zondag, december 30, 2018


Tuam excavation: Government unsure what it is ‘getting into’

Varadkar says work on mother-and-baby home site to begin in second half of year

The home was a big presence in her own childhood, and her own uncomfortable memories about the home's children are what sparked her research. She remembers seeing the 8ft-high wall on her way to school. "They surrounded it completely – stone walls. There was broken glass cemented into the top of the walls. It used to glisten in the sun. The kids couldn't get out. I would have been six or seven. I remember the kids going to school – the noise of them marching in their big clogs." Corless wore proper shoes, but the home children wore wooden shoes. "They were long-wearing. Everybody remembers the noise of the clogs."

Royal de Luxe opstand van de paspoppen 
There were children from the home at her convent primary school. She remembers the nuns' coldness towards the children, a coldness that bred disrespect among the other schoolchildren, including in her own mind. "People remember being told by the nuns that they would be put beside a home baby if they didn't behave themselves. They openly displayed that these children were different. It was an open form of humiliation. They were born illegitimate, therefore they were bad," she said.

She feels uneasy about her behaviour towards the children. "I thought it would be funny to copy a trick played by an older girl – she had wrapped up an empty sweet paper and handed it to a home girl. The little girl grabbed it, of course. There was nothing in it. At the time, being seven, being the butt of teasing myself, I thought this was great fun. I did the same and handed it to another girl – a stone wrapped in a sweet paper. She opened it and dropped it.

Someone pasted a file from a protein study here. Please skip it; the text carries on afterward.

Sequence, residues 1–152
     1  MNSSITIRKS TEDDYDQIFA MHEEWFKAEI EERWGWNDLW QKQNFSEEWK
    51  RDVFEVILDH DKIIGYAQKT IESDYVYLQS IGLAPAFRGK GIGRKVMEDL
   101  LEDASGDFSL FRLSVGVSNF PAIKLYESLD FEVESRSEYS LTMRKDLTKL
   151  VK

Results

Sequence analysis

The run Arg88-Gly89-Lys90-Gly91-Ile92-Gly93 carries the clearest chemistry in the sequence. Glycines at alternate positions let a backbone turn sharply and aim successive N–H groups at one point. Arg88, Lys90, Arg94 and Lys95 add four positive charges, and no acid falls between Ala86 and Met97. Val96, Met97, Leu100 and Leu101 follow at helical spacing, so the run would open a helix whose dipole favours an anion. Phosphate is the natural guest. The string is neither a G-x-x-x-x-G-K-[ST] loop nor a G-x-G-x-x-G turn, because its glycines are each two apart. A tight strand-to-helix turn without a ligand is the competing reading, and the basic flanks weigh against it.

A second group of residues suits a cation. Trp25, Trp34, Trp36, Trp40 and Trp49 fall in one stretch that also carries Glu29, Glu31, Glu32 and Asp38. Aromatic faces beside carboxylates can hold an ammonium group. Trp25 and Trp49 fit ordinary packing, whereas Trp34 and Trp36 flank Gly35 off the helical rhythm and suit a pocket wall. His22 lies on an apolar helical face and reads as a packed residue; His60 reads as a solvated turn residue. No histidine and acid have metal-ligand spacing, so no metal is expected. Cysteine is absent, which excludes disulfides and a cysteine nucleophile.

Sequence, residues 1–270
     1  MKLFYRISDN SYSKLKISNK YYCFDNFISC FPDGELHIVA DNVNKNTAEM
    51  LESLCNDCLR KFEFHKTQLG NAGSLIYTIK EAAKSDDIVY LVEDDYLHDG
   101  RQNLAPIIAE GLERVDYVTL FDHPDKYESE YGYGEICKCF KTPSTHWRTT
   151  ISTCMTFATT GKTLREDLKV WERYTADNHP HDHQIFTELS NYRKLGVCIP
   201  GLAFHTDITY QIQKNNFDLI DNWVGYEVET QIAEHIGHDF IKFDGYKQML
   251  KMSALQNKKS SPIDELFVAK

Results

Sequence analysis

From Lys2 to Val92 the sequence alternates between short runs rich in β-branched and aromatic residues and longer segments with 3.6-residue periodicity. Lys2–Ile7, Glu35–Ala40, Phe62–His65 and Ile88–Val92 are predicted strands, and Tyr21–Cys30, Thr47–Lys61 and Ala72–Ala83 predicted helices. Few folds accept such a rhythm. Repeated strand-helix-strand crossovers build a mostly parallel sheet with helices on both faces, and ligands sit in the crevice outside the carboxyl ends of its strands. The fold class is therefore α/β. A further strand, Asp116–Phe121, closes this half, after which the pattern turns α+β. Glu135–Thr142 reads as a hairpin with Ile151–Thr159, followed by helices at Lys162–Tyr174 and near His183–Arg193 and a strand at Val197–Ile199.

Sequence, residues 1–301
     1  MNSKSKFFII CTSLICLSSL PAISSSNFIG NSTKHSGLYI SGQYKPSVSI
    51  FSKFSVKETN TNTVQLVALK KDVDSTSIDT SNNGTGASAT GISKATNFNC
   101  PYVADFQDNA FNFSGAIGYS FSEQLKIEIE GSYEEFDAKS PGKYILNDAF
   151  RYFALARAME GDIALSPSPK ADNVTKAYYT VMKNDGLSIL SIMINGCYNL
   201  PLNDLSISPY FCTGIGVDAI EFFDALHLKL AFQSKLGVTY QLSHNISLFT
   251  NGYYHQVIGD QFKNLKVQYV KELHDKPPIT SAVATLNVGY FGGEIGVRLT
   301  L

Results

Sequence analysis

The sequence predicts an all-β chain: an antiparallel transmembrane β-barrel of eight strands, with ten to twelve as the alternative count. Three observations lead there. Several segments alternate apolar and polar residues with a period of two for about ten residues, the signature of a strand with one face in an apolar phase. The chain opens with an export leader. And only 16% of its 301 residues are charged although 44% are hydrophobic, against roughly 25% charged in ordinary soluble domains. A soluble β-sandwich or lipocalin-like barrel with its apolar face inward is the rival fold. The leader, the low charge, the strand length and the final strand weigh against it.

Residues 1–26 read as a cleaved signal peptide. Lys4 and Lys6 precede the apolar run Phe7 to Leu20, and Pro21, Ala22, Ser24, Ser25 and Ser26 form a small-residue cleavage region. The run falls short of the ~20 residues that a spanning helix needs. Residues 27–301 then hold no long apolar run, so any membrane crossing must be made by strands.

"When I found out later about the home children, that God help them, they'd never got a sweet in their life, they wouldn't have got any treats in the home … It's only now I realise the impact that must have had on that little girl – to think that she was getting a treat, and that someone was just playing a mean trick on her.

"I feel that the nuns should have told us that these were special children, to take care of them, to mind them. That would have been the proper thing to have done. Instead of that, they treated them differently. They ignored them, more than anything. I don't remember them being hostile. They were ignored. They were left to one side of the classroom."
"People say that families were wrong to throw out their daughters [when they got pregnant outside marriage]. I agree with that. But it must not be forgotten that the church put those laws in place, saying that sex outside marriage was sinful. They blamed the women – they didn't blame the men who did it, just the women for leading them on. They got that into the mindset of the people. They would preach it every Sunday at mass, so that families would feel ashamed to show a pregnant daughter. I blame them for that – for putting women through so much misery, and ostracising them if they became pregnant outside marriage. Then for their children to be ostracised as well – that, to me, was a crime."

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